Big data analytics for Human Resources

Can big data solve government's HR challenges?

First of two parts. Read part two: Buy or build workforce apps? It depends.

The use of analytics to fine-tune workforce performance is not new. But the recent availability of inexpensive cloud data storage, coupled with the development of big data tools to analyze those data sets, have transformed what was a niche application into a powerful organization planning tool. 

Workforce analytics addresses several issues that are critical to any organization, including federal agencies: recruitment of new employees, the retention of employees and planning for replacing retiring employees including their knowledge and expertise.  More recently, data analysts have also begun to apply the tools to security-related goals, such as managing insider threats. 

While old-school workplace analytics was simply an effort of the human resources department to track a relatively small set employee statistics, the new generation of workplace applications now use big data tools to bring in outside data.

"It has been pretty straightforward for HR organizations to report on things like turnover, recruiting and so on," said Lisa Rowan, research vice president at IDC.  "The challenge is when you try to get some meaning out of those particular measures.  Turnover is only interesting if you can compare it to others in similar industries.  So if I have 10 percent turnover in Alabama, I might want to know what the typical turnover rate in Alabama is.  So you need a benchmark.  And if you are looking outside of your organization to get benchmarks you are in fact trying to tackle big data."

In pursuing meaningful reference points, workforce applications are now increasingly incorporating data from a wide array of external data sources, including those from government sources such as the Census Bureau and the Bureau of Labor Statistics, as well as private sources including social media, such as Facebook and LinkedIn.

"If the city of Chicago wants to know whether or not they're doing a good job recruiting Hispanic engineers, they can canvass the Bureau of Labor Statistics to look at the talent pool availability of Hispanic engineers in any part of the country," said Carl Bennett, a workforce analytics expert with the Deloitte consulting firm. 

We can determine if the engineers are out there and city simply can't recruit them, or if Hispanic engineers simply don't exist around Chicago, he explained.

Slow adoption

Still, federal agencies and departments have been relatively slow to adopt the new tools. "The practice itself is still somewhat pioneering for federal agencies," Bennett said.

Mick Collins, a principal consultant with SuccessFactors, an SAP workforce analytics subsidiary, agrees.  "It has been a slow process, even though the Government Accountability Office has been talking about the importance of workforce planning," Collins said. "At least over the last 11 or so years, we've seen relatively few organizations in the government sector purchase technology for this."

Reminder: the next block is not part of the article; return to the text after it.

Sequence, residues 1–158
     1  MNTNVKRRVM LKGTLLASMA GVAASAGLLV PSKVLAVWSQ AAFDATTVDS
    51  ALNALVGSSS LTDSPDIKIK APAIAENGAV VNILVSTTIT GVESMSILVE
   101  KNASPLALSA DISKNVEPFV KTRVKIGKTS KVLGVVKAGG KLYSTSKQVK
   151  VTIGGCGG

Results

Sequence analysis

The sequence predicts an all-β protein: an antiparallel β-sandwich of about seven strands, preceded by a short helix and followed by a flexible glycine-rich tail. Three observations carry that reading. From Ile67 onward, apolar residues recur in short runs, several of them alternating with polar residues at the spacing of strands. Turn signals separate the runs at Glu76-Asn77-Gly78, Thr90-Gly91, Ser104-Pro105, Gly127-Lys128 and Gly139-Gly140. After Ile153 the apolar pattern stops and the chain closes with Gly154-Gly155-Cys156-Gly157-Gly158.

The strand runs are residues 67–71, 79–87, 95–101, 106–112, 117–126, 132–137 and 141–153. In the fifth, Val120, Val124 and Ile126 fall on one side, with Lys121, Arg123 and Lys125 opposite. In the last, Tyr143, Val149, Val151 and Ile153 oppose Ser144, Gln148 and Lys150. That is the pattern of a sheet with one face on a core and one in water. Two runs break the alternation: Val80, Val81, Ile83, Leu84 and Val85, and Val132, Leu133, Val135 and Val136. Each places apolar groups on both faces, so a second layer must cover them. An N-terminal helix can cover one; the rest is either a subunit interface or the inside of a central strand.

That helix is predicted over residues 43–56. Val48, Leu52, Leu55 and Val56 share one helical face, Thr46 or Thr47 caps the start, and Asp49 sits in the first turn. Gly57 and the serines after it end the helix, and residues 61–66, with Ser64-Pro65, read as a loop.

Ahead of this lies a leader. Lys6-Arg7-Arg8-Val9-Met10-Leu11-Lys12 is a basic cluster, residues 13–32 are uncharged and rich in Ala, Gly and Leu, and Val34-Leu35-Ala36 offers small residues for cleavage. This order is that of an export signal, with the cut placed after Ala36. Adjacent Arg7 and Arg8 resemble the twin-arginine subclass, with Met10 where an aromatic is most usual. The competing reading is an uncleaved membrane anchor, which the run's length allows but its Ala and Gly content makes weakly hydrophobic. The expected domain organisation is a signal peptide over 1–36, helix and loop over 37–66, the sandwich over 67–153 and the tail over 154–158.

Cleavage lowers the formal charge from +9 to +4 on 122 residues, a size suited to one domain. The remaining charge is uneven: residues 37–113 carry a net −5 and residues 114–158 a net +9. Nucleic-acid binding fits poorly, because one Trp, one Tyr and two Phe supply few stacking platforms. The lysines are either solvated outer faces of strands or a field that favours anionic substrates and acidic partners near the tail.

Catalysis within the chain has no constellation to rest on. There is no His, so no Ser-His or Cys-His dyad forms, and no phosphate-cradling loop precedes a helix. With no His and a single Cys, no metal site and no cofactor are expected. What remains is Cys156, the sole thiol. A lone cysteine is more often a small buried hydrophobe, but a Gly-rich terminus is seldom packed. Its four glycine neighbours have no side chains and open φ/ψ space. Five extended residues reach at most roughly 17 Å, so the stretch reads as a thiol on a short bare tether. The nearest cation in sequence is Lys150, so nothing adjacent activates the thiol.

A big reason the federal sector has been slow to move into the analytics field, according to analysts and vendors, is the current era of tight budgets. "Everybody says, 'This is great. We need to have it,'" said Kouros Behzad, a product marketing manager for SAP. "But then it tends to fall under the knife in the end."

IDC's Rowan said she believes that another obstacle has been bureaucratic tradition. "By and large HR folks don't think analytically," she explained.  "That's not really their core competency.  It has been quite a difficult, uphill battle."

Yet another stumbling block is that the HR process  cuts across many departments.  "I can't really get beyond straight HR measures unless I have access to other data, including sales data, financial data, customer-relationship data," Rowan said.  "Frequently that data is not under the ownership of the HR management, so you need agreement and buy-in from the rest of the organization."

HR experts say the advent of cloud computing may open up channels for the use big data in HR. "When we see a sea change to more cloud-based technology, they will have a lot more capabilities in this space," said Breck Marshall, managing director in Accenture’s talent and organization practice. 

Despite these challenges, analysts say, federal agencies have a leg up on industry when it comes to taking up workforce analytics.  "By law, every agency needs to submit a pretty lengthy set of data about current workforce population in terms of age, ethnicity, gender," Bennett noted.  "The fact that these are government agencies with legislative reporting requirements has made them wrestle with this reporting and analysis topic a bit sooner than our commercial clients."

And the need for federal agencies to get more sophisticated about workforce analytics is clear. Agencies will need hiring and retention strategies when the baby-boomer retirement wave really starts to kick in, especially at agencies with a mandatory retirement age, such as at the FBI Marshall said. 

“That fact has always created a need for strategic agility in talent planning, Marshall added. “Other agencies are also losing talent.  Because of that you need to have a tremendous understanding of who actually works at the agency, what types of talent and capabilities they have, what types of needs you will have in the future."

First of two parts. Read part two: Buy or build workforce apps? It depends.

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